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Reporter's Notes: Putting Landscaping on a Water Budget

Reporter's Notes: Putting Landscaping on a Water Budget

Is your yard a dated relic of California's water guzzling past, or, an exemplar of the drought-tolerant future that the state's trying to nudge us all towards?

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Holding Hands with an Octopus

Holding Hands with an Octopus

A week ago on Tuesday morning, a co-worker and I were able to go behind the scenes and visit with the Giant Red Octopus and his trainer.

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22andHim

22andHim

A doctor from China contacted me through this blog with some exciting news.  He had found a patient with 44 chromosomes instead of the usual 46

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Teaching the Brain To See

Teaching the Brain To See

Thanks to stem cells and other cutting-edge technologies, doctors hope they may one day be able to restore sight to people who were born without it, or lost it, later in life. But a rare case here in the Bay Area suggests that curing blindness may be more than meets the eye.

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Celestial Navigation: Finding Your Way in the Dark

Celestial Navigation: Finding Your Way in the Dark

Celestial Navigation – it’s a special topic for me as it blends my interest in astronomy with my long time fascination for things nautical: ships, exploration, adventure, and global geometry.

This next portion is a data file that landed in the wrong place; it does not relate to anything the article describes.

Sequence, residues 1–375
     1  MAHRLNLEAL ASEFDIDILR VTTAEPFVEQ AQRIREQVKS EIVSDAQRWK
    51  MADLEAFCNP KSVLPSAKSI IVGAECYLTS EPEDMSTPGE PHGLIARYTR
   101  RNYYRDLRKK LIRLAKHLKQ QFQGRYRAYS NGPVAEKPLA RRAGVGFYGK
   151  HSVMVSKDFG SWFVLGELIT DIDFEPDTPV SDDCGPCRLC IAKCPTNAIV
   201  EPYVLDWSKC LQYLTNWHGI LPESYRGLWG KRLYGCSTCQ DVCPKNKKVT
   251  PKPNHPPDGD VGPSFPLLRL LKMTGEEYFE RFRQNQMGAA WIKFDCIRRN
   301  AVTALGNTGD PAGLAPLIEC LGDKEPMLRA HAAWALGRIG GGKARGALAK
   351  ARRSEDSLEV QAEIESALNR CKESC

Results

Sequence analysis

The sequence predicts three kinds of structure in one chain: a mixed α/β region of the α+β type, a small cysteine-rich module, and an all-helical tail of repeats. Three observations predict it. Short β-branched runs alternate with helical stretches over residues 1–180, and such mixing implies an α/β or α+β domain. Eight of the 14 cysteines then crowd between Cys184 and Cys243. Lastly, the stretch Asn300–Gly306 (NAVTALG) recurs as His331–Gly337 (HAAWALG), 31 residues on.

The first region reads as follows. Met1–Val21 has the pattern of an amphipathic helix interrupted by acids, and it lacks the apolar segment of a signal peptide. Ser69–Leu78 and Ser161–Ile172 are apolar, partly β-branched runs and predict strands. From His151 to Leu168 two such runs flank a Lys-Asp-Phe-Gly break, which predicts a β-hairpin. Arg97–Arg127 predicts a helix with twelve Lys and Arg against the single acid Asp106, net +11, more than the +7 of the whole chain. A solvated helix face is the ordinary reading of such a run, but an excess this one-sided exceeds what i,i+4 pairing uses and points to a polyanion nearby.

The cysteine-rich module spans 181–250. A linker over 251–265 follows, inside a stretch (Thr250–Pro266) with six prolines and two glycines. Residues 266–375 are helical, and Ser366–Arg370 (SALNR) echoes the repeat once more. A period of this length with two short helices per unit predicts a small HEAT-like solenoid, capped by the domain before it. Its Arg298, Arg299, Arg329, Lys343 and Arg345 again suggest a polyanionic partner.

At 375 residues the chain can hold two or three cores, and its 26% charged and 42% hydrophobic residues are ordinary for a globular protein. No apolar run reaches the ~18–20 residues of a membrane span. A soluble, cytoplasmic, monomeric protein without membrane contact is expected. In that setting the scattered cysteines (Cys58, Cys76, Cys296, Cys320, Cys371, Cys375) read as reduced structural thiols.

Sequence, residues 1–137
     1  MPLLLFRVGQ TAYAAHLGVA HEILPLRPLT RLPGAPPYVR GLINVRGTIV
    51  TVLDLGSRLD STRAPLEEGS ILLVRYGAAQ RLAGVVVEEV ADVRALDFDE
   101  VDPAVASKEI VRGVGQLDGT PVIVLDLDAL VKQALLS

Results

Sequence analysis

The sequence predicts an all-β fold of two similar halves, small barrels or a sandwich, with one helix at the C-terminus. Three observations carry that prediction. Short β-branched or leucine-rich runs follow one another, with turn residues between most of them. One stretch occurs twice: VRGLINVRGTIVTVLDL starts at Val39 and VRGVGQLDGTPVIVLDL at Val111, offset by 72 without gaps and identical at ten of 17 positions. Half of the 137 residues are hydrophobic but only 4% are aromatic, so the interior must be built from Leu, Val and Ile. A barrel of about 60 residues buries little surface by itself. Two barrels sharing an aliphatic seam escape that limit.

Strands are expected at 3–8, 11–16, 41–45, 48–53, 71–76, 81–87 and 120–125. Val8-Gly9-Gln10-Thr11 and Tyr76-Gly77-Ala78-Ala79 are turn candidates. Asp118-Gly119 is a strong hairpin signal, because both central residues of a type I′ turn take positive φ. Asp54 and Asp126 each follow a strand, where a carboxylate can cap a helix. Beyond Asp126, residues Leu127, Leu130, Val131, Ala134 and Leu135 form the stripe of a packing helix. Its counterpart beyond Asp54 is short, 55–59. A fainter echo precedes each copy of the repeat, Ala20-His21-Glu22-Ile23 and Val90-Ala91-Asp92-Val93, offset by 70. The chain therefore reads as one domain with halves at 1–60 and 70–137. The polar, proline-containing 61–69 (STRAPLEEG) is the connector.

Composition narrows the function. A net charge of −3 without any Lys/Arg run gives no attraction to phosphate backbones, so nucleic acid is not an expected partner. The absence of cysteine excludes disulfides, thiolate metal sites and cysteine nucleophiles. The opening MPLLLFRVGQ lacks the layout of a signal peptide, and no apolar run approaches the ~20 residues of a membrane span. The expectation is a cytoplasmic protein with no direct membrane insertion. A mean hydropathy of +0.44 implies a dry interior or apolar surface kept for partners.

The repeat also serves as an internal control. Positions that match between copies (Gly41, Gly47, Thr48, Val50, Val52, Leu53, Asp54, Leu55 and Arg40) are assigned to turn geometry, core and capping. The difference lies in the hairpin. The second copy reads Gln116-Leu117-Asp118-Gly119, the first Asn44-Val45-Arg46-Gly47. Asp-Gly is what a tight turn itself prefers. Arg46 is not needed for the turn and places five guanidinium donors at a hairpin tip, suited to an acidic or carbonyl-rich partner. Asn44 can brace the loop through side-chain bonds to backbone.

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Reporter's Notes: Can You Teach A Brain To See?

Reporter's Notes: Can You Teach A Brain To See?

When Mike was three years old, he opened up a jar containing an explosive chemical that the miners had left behind. The accident left him nearly blind. Forty-two years later, doctors fixed one of his eyes in a series of two procedures.

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Reporter's Notes: Coping with Ants at Home

Reporter's Notes: Coping with Ants at Home

Argentine ants have had amazing success as an invasive species in the US. Their West Coast super colony numbers in the billions and spans from Mexico to Oregon. But aside from invading homes, they've had a dramatic effect on native ants and local ecosystems.

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Whom Do You Trust?

Whom Do You Trust?

Who can you trust nowadays? That question has some importance for me today.

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Famous African-American Scientists and Innovators: Part III

Famous African-American Scientists and Innovators: Part III

Black History Month is a remembrance of important people and events in the history of the African-Americans and takes place February of each year.

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Welcome to Rangoon, California

Welcome to Rangoon, California

You don't really appreciate how much California have given up on equal education until you spend some time in a poorer district.